Case Studies

Below are a series of case studies highlighting how the MolecuLight i:X easily integrates into wound care protocols and guides clinicians in their wound care practice.

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Featured Case Study

Visualizing Pseudomonas aeruginosa and Staphylococcus aureus with the MolecuLight

Visualizing Pseudomonas aeruginosa and Staphylococcus aureus with the MolecuLight i:X led to optimized sampling

An infection is a serious complication of a foot ulcer and requires immediate treatment. Since not all infections are treated the same way, accurate sampling is critical to identify the causative pathogens, and ensure appropriate treatment selection.

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Case Studies by Group

Assessment

Visualize fluorescent bacteria and measure wound surface area in real-time to understand the status of the wound more fully.

MolecuLight Clinical Case 0014b

Visualizing bacteria with the MolecuLight i:X helped avoid costs (£3500) of a possible failed graft procedure

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Cleaning

Allows clinicians to focus cleaning in areas where fluorescent bacteria are located and optimize wound bed preparation.

MolecuLight Clinical Case 0017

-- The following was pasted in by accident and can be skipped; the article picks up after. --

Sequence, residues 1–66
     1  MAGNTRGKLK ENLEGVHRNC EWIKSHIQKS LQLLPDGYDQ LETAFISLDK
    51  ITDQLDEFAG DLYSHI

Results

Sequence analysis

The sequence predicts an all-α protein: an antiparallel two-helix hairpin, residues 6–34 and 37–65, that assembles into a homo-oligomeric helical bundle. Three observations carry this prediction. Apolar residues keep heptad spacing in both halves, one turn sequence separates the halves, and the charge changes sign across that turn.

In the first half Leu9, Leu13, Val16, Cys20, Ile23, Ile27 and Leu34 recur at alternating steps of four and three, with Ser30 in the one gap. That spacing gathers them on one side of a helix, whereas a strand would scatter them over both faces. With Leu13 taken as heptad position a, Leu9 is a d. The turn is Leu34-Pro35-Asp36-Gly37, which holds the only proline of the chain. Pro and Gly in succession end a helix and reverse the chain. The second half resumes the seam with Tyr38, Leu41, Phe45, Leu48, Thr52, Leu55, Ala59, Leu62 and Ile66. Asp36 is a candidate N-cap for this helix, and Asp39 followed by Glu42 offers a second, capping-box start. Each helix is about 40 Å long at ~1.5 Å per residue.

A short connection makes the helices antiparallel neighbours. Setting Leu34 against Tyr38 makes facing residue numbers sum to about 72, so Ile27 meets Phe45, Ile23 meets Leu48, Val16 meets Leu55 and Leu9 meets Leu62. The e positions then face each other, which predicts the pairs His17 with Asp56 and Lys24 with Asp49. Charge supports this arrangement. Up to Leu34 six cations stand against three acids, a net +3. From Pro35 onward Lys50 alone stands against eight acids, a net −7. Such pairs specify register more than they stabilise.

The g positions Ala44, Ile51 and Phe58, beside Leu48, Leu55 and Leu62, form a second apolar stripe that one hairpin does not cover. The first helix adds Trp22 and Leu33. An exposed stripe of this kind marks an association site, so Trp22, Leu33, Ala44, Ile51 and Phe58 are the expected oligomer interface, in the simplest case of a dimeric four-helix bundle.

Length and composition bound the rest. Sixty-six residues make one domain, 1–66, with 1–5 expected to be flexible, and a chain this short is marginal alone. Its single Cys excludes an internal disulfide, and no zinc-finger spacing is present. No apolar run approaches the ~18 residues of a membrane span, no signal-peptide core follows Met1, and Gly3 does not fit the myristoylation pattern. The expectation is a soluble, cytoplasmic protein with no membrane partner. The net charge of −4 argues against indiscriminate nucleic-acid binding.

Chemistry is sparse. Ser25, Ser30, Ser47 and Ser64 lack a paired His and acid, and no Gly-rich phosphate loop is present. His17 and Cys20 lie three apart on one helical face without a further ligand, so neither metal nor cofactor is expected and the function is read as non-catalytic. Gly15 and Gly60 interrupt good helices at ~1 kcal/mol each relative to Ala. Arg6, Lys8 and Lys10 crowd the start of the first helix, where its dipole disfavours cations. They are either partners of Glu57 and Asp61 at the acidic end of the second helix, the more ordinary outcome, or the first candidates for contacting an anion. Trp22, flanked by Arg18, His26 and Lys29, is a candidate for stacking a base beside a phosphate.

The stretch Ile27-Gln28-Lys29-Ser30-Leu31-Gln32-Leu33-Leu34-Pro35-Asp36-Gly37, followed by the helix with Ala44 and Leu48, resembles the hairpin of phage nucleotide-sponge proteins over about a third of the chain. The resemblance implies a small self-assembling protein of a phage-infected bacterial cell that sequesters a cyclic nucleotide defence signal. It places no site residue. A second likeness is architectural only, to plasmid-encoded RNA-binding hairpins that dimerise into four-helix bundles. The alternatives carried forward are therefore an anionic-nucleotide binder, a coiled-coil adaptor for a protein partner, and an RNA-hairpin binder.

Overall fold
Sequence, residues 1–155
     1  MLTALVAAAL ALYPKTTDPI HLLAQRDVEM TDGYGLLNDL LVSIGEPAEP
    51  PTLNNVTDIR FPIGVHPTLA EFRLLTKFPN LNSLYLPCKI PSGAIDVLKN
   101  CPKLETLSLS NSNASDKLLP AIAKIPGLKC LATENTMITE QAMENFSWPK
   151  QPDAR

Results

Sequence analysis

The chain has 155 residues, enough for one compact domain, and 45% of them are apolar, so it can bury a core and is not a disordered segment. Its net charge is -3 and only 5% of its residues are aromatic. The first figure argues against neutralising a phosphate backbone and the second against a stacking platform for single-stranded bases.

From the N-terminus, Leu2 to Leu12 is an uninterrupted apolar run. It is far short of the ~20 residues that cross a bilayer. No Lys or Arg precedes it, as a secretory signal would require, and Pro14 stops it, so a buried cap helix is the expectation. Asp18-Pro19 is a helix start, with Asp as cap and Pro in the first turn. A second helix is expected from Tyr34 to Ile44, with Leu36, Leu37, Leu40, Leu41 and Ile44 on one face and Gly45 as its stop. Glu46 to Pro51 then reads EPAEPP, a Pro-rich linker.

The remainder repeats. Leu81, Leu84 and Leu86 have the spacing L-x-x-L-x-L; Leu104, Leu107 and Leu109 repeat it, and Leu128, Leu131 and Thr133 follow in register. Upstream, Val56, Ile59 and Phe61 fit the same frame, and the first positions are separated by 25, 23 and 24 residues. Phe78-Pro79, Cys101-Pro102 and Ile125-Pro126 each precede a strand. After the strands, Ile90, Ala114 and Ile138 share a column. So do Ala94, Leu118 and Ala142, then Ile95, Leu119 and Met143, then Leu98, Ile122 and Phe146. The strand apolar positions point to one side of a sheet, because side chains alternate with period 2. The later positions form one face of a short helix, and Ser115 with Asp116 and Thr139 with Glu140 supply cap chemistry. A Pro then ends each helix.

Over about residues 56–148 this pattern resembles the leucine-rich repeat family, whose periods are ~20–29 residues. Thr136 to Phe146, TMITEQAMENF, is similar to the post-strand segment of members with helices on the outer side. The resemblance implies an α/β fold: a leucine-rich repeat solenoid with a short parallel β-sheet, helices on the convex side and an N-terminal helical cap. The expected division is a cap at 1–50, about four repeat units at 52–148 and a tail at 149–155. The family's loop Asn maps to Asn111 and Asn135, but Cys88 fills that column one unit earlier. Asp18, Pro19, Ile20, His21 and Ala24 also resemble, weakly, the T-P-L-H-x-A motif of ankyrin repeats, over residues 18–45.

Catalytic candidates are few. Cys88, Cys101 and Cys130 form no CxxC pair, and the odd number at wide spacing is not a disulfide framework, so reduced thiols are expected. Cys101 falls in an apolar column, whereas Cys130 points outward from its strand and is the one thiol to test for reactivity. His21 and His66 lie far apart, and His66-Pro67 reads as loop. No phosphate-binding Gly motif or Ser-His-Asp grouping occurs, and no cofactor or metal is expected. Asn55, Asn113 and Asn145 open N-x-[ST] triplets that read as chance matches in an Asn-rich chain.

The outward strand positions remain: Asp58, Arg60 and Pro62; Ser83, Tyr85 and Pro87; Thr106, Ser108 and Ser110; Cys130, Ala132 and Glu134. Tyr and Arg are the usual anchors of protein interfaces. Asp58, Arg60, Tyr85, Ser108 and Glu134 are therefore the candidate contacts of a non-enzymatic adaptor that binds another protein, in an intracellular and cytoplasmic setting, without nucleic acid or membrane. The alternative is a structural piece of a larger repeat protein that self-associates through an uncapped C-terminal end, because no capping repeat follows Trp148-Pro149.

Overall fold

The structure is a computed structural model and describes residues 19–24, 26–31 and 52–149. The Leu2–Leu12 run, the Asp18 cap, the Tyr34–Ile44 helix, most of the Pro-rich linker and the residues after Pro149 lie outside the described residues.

Improved cleaning with the MolecuLight i:X led to successful patient outcome

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Debridement

Guides more efficient and targeted debridement.

MolecuLight Clinical Case 0056

Visualize asymptomatic bioburden with the MolecuLight i:X

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MolecuLight Clinical Case 0045

Guided debridement with the MolecuLight i:X

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Sampling

Guides where to sample; 50% more accurate swabbing compared to the Levine Technique.

MolecuLight Clinical Case 0044

Visualizing Pseudomonas aeruginosa and Staphylococcus aureus with the MolecuLight i:X led to optimized sampling

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Documentation

Provides objective visual documentation of the presence of fluorescent bacteria and the surface area of the wound.

MolecuLight Clinical Case 0066

Document the path to wound healing with the MolecuLight i:X

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MolecuLight Clinical Case 0018

Greater measurement accuracy with the MolecuLight i:X led to improved tracking and documentation

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Treatment Selection

Comparing fluorescent bacteria and wound surface area at each visit may provide real-time objective feedback on impact of treatment plan.

MolecuLight Clinical Case 0020b

Monitoring the effectiveness of an antibiotic against MRSA with the MolecuLight i:X

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MolecuLight Clinical Case 0048

Optimize Pseudomonas aeruginosa treatment with the MolecuLight i:X

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Antibiotic Stewardship

Supports more responsible antibiotic decision making and selection.

MolecuLight Clinical Case 0047

Point of care identification of Pseudomonas aeruginosa with the MolecuLight i:X led to targeted treatment and wound healing

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Patient Engagement